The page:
ShootFilmCo In the Frame: Caroline Aro

This is a low-key popular spot near where I live to get some cool pictures. This stretch of road is lined by these big old trees and is surrounded by fields. It was a crazy windy day and I caught this shot of my boyfriend and the pup running back to the car. It didn't turn out very crisp or clear - someone actually commented it looks like a painting in a way. I really like that it's not "perfect", you know? It's a cool look to me.

ShootFilmCo In the Frame: Caroline Aro

I surprised my boyfriend with a trip to New Orleans for Mardi Gras this year. I'm not into partying or going too crazy, but I was just so excited for the atmosphere and the people-watching. I awkwardly made my way on top of this wobbly trash can to get the next photo. In the meantime, my boyfriend caught this one of me! The energy was so high and everyone was having such a good time. It was so incredible to get it from a higher perspective and I'm glad I got this shot of the crowd from there.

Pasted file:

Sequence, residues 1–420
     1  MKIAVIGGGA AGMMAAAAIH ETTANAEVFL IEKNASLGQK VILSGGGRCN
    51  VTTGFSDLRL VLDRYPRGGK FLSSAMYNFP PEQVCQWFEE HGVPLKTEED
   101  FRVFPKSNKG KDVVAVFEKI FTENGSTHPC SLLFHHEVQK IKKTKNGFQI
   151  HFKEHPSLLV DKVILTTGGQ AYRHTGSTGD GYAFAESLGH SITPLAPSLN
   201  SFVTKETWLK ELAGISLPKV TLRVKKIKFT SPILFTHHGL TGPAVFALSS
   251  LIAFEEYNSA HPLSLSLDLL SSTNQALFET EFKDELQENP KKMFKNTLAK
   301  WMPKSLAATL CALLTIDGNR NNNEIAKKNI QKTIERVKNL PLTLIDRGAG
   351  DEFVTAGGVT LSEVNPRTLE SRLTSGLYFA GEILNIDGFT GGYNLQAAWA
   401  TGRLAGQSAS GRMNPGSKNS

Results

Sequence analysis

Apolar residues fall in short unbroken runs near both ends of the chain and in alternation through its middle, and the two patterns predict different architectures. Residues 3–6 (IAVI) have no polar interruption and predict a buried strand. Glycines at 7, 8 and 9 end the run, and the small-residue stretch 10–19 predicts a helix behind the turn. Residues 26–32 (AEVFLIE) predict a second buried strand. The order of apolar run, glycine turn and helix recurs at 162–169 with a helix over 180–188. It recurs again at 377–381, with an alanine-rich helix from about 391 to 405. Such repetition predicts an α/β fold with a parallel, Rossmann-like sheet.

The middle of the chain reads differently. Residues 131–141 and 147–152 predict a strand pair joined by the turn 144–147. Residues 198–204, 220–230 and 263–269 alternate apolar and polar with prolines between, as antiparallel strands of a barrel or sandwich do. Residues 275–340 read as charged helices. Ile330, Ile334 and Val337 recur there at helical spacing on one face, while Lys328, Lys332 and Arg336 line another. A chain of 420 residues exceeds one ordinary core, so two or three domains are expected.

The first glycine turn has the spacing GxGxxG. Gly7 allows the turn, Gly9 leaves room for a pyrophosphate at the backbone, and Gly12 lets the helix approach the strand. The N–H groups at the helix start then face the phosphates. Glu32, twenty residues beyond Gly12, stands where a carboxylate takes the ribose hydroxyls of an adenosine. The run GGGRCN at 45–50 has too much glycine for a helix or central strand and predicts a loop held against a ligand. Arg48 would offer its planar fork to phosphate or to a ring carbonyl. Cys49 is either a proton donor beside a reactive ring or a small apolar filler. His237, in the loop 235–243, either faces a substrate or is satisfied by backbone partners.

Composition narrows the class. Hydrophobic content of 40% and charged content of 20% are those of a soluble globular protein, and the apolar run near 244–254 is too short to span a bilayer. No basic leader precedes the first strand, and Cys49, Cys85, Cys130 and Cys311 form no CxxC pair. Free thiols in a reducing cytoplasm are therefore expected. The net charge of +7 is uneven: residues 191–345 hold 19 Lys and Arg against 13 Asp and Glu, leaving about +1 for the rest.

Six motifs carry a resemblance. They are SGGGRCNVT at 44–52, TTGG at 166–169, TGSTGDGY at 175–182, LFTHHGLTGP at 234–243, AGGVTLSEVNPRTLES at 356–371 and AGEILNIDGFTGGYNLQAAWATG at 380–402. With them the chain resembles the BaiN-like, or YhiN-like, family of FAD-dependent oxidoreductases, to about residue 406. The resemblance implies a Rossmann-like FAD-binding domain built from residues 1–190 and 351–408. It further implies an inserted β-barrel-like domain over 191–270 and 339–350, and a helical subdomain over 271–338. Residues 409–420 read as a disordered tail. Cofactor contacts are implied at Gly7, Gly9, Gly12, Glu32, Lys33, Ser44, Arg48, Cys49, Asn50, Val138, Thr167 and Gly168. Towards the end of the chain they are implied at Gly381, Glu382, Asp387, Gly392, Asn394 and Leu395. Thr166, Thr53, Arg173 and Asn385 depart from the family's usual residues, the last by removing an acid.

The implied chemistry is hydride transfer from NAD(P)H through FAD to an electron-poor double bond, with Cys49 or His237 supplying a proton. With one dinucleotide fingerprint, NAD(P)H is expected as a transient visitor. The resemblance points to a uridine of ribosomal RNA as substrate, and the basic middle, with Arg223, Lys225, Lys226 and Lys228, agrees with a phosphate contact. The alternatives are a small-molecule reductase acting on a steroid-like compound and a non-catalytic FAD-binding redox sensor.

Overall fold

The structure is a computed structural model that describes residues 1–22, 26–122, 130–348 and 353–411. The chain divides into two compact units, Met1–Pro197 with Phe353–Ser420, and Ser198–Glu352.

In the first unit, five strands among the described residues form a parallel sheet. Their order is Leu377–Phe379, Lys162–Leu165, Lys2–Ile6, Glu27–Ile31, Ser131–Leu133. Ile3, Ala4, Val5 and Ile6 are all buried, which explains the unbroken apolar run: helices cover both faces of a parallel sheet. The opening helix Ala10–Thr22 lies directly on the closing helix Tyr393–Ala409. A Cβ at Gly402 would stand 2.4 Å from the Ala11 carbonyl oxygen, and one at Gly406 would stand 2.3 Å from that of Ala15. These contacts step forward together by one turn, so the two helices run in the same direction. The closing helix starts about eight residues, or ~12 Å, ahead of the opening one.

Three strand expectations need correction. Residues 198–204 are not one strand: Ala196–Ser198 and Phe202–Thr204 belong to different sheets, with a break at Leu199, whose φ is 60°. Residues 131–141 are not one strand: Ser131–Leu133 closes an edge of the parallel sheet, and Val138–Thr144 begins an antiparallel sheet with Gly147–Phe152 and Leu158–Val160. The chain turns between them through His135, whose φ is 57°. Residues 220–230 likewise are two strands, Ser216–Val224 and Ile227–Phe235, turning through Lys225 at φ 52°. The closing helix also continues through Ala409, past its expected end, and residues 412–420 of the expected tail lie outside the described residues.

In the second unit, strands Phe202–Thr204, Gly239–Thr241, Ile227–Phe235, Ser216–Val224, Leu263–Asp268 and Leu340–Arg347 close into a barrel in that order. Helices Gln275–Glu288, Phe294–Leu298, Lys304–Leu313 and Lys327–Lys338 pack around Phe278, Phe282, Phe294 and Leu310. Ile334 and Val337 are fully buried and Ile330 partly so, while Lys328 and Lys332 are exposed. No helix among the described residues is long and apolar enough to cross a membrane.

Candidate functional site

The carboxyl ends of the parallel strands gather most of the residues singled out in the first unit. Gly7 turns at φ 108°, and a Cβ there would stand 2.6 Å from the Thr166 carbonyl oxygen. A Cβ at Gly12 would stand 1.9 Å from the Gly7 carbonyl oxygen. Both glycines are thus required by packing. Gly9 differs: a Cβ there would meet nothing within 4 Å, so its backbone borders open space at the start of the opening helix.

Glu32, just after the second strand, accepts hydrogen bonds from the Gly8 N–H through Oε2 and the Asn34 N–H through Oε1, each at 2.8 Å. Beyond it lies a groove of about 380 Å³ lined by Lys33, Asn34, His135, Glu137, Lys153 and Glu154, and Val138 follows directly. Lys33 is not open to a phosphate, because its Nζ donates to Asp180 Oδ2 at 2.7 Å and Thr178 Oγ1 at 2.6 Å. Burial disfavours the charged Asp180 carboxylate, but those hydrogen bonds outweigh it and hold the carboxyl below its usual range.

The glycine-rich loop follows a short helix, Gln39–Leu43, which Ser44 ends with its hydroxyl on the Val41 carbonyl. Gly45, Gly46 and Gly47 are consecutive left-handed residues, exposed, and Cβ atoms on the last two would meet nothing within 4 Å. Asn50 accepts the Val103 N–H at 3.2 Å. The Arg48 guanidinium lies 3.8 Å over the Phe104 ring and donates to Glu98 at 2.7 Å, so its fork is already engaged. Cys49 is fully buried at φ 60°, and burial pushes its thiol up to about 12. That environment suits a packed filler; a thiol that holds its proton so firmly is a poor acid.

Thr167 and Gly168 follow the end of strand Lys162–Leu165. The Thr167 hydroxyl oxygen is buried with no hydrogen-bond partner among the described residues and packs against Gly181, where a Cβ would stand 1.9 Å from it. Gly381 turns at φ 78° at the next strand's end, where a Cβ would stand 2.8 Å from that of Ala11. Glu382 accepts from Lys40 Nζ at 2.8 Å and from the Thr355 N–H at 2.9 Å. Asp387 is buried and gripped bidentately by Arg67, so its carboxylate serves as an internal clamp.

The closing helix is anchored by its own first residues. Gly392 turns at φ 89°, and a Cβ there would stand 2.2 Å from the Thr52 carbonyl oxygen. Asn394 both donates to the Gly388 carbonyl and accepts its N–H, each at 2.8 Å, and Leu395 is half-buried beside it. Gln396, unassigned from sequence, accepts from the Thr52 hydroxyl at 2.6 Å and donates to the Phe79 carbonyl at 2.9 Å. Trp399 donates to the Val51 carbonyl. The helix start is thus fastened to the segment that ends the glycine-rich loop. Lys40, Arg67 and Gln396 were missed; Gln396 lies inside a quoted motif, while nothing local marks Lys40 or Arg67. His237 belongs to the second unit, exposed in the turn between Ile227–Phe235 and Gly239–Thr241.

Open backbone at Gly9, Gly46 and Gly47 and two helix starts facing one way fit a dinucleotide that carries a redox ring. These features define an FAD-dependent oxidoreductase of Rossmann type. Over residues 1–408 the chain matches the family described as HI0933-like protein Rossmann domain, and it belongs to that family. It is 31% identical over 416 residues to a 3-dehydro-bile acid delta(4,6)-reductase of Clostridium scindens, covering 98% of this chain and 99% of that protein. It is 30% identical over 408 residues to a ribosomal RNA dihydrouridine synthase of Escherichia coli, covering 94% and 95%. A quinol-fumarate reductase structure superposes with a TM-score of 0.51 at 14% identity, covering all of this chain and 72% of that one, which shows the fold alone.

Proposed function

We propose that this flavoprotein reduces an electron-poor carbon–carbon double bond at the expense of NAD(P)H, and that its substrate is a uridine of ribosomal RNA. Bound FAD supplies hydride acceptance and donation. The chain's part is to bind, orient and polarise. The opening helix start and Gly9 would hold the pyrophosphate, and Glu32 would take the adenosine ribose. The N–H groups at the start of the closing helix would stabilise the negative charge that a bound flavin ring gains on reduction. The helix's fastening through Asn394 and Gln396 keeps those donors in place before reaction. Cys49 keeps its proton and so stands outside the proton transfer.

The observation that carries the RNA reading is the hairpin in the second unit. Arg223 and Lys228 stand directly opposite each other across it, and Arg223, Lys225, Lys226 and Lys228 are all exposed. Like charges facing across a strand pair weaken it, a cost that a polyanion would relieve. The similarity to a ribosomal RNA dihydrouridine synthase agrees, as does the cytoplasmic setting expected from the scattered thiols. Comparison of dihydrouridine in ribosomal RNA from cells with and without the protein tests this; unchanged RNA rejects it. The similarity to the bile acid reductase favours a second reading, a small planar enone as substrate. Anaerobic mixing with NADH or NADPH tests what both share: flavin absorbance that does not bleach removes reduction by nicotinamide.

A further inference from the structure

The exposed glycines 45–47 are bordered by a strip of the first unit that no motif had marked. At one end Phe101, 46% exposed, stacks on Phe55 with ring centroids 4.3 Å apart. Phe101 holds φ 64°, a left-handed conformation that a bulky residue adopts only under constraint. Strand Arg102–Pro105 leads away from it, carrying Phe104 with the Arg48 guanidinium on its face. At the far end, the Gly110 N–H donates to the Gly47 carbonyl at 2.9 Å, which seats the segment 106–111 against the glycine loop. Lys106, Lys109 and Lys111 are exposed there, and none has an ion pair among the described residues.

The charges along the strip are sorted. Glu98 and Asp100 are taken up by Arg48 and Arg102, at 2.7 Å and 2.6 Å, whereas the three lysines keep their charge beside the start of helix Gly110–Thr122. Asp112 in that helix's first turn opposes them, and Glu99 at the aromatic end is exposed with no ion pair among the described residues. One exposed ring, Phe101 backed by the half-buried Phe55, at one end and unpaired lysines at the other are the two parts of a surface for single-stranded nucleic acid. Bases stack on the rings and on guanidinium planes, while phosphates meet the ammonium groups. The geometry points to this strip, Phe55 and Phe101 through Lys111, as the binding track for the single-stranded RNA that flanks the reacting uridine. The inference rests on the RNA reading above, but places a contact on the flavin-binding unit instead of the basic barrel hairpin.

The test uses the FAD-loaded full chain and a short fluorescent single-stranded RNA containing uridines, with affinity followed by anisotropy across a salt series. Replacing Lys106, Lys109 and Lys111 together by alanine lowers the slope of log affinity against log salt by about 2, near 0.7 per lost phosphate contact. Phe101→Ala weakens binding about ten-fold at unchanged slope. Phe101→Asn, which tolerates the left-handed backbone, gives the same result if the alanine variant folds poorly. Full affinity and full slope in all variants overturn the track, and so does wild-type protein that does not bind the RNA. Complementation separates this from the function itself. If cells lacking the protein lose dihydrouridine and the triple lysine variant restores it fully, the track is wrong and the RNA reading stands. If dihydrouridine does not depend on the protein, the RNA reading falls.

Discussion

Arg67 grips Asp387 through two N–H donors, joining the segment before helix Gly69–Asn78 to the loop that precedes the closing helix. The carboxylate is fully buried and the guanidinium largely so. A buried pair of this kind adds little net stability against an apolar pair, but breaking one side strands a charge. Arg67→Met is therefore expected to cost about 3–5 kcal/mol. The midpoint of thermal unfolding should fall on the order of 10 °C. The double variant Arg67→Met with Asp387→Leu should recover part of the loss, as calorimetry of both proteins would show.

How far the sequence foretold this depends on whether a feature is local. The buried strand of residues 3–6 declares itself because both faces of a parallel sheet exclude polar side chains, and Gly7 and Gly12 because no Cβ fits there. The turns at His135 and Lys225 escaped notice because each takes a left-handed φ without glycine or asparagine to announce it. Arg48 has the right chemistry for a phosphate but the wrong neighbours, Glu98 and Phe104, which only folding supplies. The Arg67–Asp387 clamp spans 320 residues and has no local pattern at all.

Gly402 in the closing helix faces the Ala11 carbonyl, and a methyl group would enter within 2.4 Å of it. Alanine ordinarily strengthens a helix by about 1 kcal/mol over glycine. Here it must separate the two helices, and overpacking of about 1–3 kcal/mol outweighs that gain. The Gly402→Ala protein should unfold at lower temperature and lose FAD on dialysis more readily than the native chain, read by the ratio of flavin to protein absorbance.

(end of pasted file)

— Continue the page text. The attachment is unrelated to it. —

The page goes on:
ShootFilmCo In the Frame: Caroline Aro

The next photo is from our last day in New Orleans. We went to the sculpture garden in the morning. This piece is called Karma and it's by Do Ho Suh. It must have been at least 20 feet tall. It was a seemingly endless chain of figures with their hands over the eyes of the figure before him. Even though the colors got a bit weird when I developed this picture, I still really like how it turned out, and this is definitely my favorite sculpture from the gardens!

ShootFilmCo In the Frame: Caroline Aro

All Images © Caroline Aro. All rights reserved.